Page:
Update: Effective April 11, medical collections under $500 were removed from credit reports
The top three credit bureaus; Experian, Transunion, and Equifax, have reached an agreement to change some key policies regarding which medical collections can be reported on consumer’s credit reports. The new policy will result in the removal of most medical collections from consumer credit reports.
Here are the details
- Medical collections that are paid will be removed from a consumer’s credit reports
- Medical collections that are less than $500 will no longer be reported, or will be removed from consumer credit reports
- Medical collections that are less than one year old will not be allowed to be reported on a consumer’s credit report (until they are at least a year old)
When will the changes take effect?
The changes will be rolled out in two phases.
Starting July 1, 2022, paid medical collections will be removed from consumer credit reports and the time period will increase to a year before medical collections can be reported on consumers’ credit reports.
Starting in the beginning of 2023, medical collections under $500 will no longer be reported on a consumer’s credit reports.
Why did the credit bureaus decide to make these changes?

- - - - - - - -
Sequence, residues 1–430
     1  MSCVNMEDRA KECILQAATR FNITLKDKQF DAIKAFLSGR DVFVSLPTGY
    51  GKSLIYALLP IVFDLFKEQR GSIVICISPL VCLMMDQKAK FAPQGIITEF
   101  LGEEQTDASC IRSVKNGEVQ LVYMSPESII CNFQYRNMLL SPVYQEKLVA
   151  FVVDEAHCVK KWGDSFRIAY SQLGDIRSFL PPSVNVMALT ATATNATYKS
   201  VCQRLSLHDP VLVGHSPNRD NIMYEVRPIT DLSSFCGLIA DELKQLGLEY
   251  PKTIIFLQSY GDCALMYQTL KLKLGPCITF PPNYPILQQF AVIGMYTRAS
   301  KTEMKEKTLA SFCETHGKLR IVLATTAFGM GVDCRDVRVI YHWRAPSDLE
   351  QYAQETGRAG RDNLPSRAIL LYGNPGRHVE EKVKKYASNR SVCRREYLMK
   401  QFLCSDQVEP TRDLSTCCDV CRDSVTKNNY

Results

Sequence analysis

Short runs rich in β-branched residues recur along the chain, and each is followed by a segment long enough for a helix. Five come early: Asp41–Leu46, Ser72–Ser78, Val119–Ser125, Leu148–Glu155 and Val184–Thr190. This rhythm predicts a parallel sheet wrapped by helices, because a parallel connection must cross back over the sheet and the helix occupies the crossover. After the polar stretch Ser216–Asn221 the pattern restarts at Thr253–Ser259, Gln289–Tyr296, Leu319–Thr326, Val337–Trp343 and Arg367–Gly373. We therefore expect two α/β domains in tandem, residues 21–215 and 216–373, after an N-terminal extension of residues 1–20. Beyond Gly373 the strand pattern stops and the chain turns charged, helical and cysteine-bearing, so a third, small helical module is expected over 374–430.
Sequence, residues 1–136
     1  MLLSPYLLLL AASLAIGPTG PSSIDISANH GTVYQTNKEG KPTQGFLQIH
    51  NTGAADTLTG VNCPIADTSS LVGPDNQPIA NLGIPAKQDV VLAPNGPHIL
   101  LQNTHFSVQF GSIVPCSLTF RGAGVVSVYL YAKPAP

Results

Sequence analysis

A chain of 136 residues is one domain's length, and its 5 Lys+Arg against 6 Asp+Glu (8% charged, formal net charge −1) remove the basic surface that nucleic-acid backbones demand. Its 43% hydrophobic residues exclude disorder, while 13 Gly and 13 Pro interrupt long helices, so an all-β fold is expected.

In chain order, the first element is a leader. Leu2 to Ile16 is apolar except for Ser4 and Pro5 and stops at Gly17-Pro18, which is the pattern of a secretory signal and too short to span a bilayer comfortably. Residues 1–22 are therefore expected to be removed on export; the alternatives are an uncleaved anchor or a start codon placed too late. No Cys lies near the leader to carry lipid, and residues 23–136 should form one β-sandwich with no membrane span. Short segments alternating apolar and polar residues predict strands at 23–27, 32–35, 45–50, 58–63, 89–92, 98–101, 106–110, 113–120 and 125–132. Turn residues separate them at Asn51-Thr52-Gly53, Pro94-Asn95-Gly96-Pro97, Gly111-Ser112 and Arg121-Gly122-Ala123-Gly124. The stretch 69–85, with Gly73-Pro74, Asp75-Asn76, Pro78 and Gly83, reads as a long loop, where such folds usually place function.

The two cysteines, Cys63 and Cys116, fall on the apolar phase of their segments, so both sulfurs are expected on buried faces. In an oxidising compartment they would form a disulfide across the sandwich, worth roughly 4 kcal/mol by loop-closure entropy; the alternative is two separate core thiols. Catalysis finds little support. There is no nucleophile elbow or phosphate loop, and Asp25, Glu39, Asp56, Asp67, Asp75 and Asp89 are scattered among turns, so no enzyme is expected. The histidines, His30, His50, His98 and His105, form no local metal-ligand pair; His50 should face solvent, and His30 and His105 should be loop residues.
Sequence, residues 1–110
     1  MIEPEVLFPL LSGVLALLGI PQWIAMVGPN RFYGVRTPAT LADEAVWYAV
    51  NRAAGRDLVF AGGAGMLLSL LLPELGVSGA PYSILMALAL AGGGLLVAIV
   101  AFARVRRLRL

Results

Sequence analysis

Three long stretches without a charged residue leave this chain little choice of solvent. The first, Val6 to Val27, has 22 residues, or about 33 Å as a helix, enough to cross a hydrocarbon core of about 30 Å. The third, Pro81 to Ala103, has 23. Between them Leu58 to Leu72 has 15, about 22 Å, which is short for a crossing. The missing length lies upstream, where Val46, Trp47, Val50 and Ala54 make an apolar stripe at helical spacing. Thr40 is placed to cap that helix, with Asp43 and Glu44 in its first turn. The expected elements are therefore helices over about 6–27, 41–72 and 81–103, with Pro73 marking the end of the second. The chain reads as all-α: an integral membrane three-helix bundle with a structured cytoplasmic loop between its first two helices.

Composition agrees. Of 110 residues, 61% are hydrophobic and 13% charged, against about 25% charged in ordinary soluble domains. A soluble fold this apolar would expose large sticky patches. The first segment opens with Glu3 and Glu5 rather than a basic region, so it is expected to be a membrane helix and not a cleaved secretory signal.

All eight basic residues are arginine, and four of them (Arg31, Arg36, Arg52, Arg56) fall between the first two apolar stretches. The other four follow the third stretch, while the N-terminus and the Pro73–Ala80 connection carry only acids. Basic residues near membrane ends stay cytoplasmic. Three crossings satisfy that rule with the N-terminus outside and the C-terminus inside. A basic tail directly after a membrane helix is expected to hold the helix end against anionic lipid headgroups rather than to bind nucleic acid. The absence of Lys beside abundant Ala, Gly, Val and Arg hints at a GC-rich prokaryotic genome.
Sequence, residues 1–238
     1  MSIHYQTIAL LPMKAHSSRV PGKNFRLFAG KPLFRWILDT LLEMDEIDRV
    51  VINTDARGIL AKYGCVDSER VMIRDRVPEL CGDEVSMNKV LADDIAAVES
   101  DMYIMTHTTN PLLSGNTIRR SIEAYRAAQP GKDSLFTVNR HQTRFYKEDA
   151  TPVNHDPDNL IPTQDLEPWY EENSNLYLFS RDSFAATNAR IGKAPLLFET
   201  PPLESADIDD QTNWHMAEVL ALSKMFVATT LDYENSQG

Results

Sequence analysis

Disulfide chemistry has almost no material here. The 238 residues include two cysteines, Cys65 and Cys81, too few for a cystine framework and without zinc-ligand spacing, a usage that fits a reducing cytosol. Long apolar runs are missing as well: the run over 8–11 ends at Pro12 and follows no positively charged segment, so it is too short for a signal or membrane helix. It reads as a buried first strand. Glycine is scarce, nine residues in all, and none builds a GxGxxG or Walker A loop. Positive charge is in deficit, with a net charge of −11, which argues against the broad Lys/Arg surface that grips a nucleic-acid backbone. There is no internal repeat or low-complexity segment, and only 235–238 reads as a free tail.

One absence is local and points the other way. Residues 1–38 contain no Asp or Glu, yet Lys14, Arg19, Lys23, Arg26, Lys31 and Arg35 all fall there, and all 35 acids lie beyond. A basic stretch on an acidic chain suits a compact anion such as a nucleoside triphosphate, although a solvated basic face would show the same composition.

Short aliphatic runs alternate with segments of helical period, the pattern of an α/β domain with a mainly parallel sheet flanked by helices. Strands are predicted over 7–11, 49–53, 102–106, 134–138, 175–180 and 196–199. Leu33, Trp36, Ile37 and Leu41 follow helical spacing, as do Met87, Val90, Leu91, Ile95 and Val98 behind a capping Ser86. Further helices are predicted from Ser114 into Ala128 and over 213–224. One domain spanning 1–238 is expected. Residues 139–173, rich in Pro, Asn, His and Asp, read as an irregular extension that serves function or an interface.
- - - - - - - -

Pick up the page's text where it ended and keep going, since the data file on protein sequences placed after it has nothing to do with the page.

The Consumer Financial Protection Bureau (CFPB), is a government agency which supervises the credit bureaus. In a report released in March, the CFPB stated that it planned to “hold credit reporting agencies accountable” for inaccurate medical debt on consumer credit reports. It looks like the credit bureaus got scared and decided to take action quickly before they would be smacked with some heavy penalties from the CFPB.
What does this mean to you?
Medical debt is a big factor which holds back many consumers from getting approved for loans. The most powerful threat medical debt collectors have is their ability to report it on the consumer’s credit report. With these new changes, any medical collection of less than $500 will no longer be allowed to be reported. Medical collections of $500 or more will only be able to report past year one, and only as long as they are unpaid. This will save many consumers from having their score affected by medical collections. I also believe this will also cause a lot of headache for medical collectors from collecting medical debt, going forward (especially bills under $500).
If medical bills are not paid, and it gets reported, can I pay it off and have it removed from credit score?